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‘Unknown’ Wolf Visitors, Rebuffed Incest, Hungry Moose Highlight New Isle Royale Report

posted Jun 30, 2019, 7:37 PM by chloe owens

5/2/2019, by Tanda Gmiter, MLive

‘Unknown’ wolf visitors, rebuffed incest, hungry moose highlight new Isle Royale report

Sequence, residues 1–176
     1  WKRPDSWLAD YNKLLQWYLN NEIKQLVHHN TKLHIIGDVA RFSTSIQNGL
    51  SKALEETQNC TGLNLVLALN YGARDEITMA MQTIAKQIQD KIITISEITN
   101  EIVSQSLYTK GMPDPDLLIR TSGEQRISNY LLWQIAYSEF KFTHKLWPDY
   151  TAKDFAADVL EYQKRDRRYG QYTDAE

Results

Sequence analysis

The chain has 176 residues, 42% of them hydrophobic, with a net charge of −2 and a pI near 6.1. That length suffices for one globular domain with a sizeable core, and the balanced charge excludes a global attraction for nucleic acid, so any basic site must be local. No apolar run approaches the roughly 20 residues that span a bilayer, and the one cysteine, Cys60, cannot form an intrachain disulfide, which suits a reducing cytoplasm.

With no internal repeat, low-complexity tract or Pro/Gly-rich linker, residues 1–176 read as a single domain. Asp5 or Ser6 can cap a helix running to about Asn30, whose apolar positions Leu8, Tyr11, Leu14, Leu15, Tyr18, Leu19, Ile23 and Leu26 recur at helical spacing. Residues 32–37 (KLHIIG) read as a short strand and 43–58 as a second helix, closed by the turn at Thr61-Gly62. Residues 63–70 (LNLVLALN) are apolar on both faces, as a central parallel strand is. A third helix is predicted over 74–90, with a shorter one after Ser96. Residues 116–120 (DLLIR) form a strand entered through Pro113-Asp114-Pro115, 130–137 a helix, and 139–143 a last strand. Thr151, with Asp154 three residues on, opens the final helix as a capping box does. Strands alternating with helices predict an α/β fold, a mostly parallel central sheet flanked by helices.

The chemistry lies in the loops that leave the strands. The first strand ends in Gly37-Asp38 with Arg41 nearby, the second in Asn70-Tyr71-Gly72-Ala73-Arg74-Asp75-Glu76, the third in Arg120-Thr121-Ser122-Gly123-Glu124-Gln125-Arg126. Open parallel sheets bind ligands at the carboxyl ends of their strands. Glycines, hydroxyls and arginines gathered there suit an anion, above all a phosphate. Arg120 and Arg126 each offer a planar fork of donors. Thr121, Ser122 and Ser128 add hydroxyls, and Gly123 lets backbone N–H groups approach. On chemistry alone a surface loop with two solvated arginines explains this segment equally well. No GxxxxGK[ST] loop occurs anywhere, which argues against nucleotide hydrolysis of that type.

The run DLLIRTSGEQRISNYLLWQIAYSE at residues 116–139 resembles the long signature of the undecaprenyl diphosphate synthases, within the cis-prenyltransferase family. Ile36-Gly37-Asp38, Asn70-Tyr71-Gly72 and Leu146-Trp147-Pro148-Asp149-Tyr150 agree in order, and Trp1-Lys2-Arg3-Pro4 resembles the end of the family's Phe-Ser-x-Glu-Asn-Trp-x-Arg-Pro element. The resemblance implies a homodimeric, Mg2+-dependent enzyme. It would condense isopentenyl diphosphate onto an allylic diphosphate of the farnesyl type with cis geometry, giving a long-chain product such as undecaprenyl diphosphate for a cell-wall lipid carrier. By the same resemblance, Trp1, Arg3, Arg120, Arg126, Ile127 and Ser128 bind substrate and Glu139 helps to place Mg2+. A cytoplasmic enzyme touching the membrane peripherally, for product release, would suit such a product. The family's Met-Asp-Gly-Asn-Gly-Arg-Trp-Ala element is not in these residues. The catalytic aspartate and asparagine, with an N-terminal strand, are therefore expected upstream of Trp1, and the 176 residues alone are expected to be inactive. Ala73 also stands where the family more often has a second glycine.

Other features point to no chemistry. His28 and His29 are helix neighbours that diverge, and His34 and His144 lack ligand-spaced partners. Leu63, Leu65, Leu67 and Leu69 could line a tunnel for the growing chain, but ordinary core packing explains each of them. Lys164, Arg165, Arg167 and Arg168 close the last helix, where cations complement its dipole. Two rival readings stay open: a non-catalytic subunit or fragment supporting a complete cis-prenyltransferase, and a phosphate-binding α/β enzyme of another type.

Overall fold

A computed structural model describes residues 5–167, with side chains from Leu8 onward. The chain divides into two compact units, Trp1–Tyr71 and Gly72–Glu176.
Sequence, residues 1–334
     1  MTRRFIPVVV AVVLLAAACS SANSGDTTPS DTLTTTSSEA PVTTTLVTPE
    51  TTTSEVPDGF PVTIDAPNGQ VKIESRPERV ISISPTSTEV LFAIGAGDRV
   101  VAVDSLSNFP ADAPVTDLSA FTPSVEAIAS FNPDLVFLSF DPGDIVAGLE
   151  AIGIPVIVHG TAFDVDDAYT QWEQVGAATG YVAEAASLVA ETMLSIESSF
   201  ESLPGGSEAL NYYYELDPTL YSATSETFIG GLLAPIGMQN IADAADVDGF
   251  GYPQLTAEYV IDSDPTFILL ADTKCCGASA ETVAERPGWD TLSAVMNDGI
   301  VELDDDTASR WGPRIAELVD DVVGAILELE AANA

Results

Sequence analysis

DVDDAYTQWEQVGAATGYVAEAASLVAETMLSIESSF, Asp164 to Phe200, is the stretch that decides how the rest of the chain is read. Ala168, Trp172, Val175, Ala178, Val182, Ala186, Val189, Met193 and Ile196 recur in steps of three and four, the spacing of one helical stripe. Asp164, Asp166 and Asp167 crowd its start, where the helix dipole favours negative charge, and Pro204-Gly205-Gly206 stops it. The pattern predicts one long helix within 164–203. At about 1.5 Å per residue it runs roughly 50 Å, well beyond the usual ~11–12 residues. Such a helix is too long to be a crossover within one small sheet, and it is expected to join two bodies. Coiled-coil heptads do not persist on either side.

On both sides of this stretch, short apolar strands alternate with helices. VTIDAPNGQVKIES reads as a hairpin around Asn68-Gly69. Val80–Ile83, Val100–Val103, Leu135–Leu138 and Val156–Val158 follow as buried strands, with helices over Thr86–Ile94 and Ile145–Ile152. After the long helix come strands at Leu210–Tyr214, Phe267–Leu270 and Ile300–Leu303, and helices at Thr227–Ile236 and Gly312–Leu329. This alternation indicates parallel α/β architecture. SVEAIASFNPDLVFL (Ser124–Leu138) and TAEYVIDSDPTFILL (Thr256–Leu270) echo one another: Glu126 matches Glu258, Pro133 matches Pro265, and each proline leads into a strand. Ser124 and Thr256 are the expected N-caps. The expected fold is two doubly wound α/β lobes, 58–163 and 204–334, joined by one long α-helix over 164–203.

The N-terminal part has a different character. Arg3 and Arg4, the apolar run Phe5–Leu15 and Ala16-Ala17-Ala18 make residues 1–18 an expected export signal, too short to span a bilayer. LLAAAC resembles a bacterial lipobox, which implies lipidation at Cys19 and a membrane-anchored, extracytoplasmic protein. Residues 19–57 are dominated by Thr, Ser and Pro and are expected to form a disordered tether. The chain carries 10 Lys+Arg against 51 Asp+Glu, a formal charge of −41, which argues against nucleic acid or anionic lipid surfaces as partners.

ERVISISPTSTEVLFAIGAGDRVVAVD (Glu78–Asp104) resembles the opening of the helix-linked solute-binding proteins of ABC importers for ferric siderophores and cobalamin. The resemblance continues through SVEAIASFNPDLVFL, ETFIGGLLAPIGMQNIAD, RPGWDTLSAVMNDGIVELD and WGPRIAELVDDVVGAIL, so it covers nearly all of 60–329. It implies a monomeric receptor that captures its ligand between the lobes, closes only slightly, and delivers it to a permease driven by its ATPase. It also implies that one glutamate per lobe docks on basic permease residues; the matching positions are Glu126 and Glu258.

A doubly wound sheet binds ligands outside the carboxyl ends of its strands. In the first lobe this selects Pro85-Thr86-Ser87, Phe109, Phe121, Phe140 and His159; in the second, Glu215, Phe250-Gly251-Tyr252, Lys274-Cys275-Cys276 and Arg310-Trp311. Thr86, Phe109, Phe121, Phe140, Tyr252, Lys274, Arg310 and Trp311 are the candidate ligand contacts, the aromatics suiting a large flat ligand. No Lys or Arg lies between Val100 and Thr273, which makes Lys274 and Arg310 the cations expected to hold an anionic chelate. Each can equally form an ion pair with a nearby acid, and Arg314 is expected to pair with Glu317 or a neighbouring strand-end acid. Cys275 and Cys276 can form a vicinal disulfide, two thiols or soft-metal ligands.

…unlike recent years where island-watchers were just waiting to see if the remote island's last two wolves had survived another year while the number of moose steadily ticked upward, this year's report has a little drama tucked inside its pages. There are new wolves to track, intense territorial patrolling by the two old island-born wolves, some bared-teeth rebuffing of incestuous courtship, and even some "unknown" wolf tracks that likely show a group of mainland wolves visited the island for a few days this winter and sampled some moose kill leftovers. Yes, there's the expected rise in moose, this year topping 2,000. Their numbers have been allowed to grow nearly predator-free for years in the face of the island's dwindling wolf pack. Their population is at near record-high levels, and their browsing diet is putting a big dent in the wilderness island's vegetation…The two island-born wolves - an older, related pair that can't have viable offspring - have been joined so far by 13 new wolves from Minnesota and Canada…The only two island-born wolves left from Isle Royale's old Chippewa Harbor Pack, this father-daughter pair had been the only wolves left on the island for several years…the male, age 10, and the female, 8, remain "tightly bonded and highly territorial," say researchers…At the end of January, one of the three initial female wolves from Minnesota used an ice bridge created during the Polar Vortex freeze to travel back toward Canada and Minnesota. Researchers tracked her via her GPS collar, and the Michigan Tech group followed up with a fly-over, seeing her tracks in the snow leading off the island and over the frozen ice, headed north…the winter survey found a booming moose population on the island. The latest estimate is 2,060 moose packed onto the 206-square-mile archipelago.